Perhaps the most revolutionary solution to the nematode crisis may be to graft special Kona coffee seedlings onto the root systems of African coffee trees. The root systems of these African coffee trees have proven to be resistant to nematodes. While many are skeptical about the impact this might have on the flavor of Kona coffee, Skip Bittenbender and Kathy Cavaletto, horticulturists and senior coffee tasters at the University of Hawaii, say preliminary coffee cupping tests show no difference in flavor was found. In the full knowledge that Kona coffee farmers are the true judges and juries of Kona flavor, a full and comprehensive tasting by discerning members of the Kona coffee industry will be held later this year.
Romeo Ladore in the foreground and Justin Pitts in the background of freshly harvested Greenwell Farms coffee pulp.
All in all, the Hawaii Coffee Association is proving to be a useful and beneficial organization in assisting in all facets of the Hawaiian coffee industry. For more information about next year's conference or to become a member of the Association, interested individuals are encouraged to visit the Association's website at www.hawaiicoffeeassoc.org
A continuous effort continues to help protect 100% Kona coffee; the area under cultivation increases; and the alliance between small farmers and mills in Kona is strengthened. Everyone expects sustained coffee prices and a very successful 2000-2001 coffee season.
The United States Attorney's Office for the Northern District of California announced today that Michael L. Norton has pleaded guilty to one count of wire fraud and one count of tax evasion. Mister. Norton, 52, a Berkeley resident, was indicted by a federal grand jury on April 16, 1998 on multiple counts of fraud, money laundering and tax evasion.
The allegations stem from an elaborate scheme perpetrated by Norton between 1993 and 1995 to defraud businesses and consumers who bought coffee from his company believing it was 100% Kona coffee from Hawaii, even though coffee is made in America was actually significantly cheaper. During the period 1993-1996, Norton purchased approximately 3.6 million pounds of Central American coffee. By sorting, repackaging, and relabeling the Central American coffee as "pure Kona coffee," Mr. Norton was able to generate significantly higher profits than he could have had had he not misrepresented the product as Kona coffee. The government claims that this additional revenue exceeded $10 million.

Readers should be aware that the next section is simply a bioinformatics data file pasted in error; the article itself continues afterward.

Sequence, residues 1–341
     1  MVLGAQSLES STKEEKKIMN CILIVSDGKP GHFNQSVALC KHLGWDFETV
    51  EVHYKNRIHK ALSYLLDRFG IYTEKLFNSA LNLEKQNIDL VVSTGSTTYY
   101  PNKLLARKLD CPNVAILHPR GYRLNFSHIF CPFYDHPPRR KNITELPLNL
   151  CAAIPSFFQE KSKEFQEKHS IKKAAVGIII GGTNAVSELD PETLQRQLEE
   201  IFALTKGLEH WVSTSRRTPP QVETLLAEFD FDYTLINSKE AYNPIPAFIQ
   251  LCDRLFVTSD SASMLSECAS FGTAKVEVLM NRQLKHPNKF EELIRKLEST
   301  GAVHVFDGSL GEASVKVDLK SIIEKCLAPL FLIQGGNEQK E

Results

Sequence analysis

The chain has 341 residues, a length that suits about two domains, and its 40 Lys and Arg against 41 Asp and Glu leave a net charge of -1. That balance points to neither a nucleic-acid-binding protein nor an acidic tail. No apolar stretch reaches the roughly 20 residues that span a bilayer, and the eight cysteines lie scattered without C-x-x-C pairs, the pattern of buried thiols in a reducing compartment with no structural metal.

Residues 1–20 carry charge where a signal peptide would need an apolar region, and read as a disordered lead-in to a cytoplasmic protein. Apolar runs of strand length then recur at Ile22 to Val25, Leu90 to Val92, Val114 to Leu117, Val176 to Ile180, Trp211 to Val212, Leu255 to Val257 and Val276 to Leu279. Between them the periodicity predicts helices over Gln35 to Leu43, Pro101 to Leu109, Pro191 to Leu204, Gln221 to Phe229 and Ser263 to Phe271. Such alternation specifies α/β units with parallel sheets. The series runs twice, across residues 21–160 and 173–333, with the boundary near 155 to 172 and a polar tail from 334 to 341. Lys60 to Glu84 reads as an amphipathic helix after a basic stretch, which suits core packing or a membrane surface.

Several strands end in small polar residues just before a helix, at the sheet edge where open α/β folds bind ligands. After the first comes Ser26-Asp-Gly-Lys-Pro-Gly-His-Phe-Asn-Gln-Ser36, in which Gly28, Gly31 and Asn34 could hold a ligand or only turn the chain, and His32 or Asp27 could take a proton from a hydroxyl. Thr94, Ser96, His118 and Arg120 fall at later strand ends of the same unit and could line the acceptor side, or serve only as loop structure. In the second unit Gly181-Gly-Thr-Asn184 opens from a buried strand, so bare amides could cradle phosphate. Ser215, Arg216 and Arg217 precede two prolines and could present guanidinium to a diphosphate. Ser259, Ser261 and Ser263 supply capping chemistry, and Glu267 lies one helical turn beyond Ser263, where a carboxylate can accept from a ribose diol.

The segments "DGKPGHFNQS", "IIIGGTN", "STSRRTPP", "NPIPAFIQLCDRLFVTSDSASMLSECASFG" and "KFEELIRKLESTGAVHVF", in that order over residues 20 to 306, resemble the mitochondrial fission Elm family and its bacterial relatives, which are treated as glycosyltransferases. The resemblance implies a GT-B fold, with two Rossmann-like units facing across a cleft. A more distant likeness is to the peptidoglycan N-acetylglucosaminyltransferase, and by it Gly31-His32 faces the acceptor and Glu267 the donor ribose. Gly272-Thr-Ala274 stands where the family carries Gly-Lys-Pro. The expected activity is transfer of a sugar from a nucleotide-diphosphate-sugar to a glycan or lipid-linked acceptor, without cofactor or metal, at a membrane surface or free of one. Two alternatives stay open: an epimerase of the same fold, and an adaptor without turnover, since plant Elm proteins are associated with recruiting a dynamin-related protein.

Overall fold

In 1995 and 1996, Mr. Norton diverted approximately $1.3 million of his fraudulent coffee sales to a personal bank account in Switzerland. You did not state this income as income in your 1995 income tax return.
As part of the plea agreement entered into in this case, Norton agreed to pay the government approximately $2 million that the government had seized against Norton at the time the charges were first filed, as well as an additional $1.3 million that Norton had on his account had paid into the Swiss bank account. to avoid paying income tax.
Mr. Norton's sentencing is scheduled for October 20, 2000 at 10:00 am before Justice D. Lowell Jensen of Oakland Federal Court. The maximum statutory penalties for each wire fraud and tax violation to which Norton has pleaded guilty are; five years in prison; 3 years supervised release; a $250,000 fine and a $100 special assessment. In addition, the wire fraud charge also requires Norton to recover losses suffered by its customers.
The indictment is the result of a lengthy investigation into Mr. Norton by special agents from the US Customs Service, the Internal Revenue Service and the Contra Costa County Sheriff's Office. The prosecution was led by Assistant United States Attorneys Laura E. Gonzales and Ben Burch, with assistance from Letty Whitworth.
All media inquiries to the US Attorney's Office should be directed to Assistant US Attorney Matt Jacobs at (415) 436-7181.